This redundant church is located in the park belonging to Harewood House. The present building replaced an earlier church on the same site around 1410.
The font may have 12thc Romanesque elements.
The church had a large parish pre-Conquest extending from Weeton and Dunkeswick on the N bank of the Wharfe to East Keswick, E of Harewood, and S to Allwoodley. All Saints was roughly central in this area (Faull and Moorhouse 1981, map 15).
The manor was held by the king in 1086, but by 1096 had probably been granted to Robert de Romilly. In 1166 de Curcy held it, and gifts were made to Bolton Priory (Faull and Moorhouse 1987; Butler 1986, 1992).
Harewood castle is a 14thc structure in the angle of the road up from the bridge over the Wharfe; Harewood House is an 18thc mansion in an extensive park.
The site - or sites - of the medieval village have not been established, although several areas of earthworks have been noted; the present village of Harewood was built in the late 18thc as part of the general remodelling by the Lascelles family.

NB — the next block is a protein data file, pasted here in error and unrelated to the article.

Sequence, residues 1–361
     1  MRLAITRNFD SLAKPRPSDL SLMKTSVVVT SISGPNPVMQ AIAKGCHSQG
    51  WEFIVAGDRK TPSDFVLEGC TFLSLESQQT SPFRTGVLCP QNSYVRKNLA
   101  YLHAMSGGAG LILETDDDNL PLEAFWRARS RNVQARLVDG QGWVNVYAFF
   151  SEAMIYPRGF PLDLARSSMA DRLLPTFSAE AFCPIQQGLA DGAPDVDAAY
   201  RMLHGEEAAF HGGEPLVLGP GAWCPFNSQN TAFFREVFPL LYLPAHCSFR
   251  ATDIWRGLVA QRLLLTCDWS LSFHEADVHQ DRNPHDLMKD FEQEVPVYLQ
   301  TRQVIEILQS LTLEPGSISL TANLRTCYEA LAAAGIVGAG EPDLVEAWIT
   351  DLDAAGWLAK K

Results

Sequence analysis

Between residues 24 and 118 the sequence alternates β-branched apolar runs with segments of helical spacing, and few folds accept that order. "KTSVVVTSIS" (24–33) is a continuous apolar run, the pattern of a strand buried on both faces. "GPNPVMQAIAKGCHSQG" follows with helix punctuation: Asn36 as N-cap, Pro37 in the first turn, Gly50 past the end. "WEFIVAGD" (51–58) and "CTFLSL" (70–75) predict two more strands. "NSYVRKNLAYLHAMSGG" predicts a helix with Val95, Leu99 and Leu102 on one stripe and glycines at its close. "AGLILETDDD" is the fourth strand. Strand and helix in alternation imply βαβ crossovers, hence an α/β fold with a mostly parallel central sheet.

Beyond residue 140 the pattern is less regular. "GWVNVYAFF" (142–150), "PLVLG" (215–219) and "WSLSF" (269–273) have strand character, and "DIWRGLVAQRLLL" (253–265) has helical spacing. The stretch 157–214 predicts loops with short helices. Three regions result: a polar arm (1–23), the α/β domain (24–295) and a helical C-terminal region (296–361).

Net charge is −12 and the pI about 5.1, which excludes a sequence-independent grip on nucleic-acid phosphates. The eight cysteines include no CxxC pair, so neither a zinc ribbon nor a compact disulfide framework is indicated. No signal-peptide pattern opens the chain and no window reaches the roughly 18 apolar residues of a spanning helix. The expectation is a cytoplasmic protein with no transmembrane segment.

|Depth of basin||0.15 m|
|Diameter of bowl at top||0.75 m|
|Diameter of interior basin||0.526 m|
|Estimated max. diameter of larger roll moulding||0.57 m|
L. A. S. Butler, 'All Saints' Church, Harewood', Yorkshire Archaeological Journal, 58 (1986), 85-108.
L. A. S. Butler, All Saints' Church Harewood, West Yorkshire, Halifax, 1992.
E. Coatsworth, Western Yorkshire. Corpus of Anglo-Saxon Stone Sculpture, vol. VIII, Oxford, 2008.
M. L. Faull & S. A. Moorhouse, eds., West Yorkshire: an Archaeological Survey to 1500, Wakefield, 1981.
P. Leach and N. Pevsner, The Buildings of England, Yorkshire: West Riding: Leeds, Bradford and the North, New Haven and London, 2009, 296-98.
P. F. Ryder, All Saints Church, Harewood, Field notes for West Yorkshire Archaeological Services, Leeds, 1988.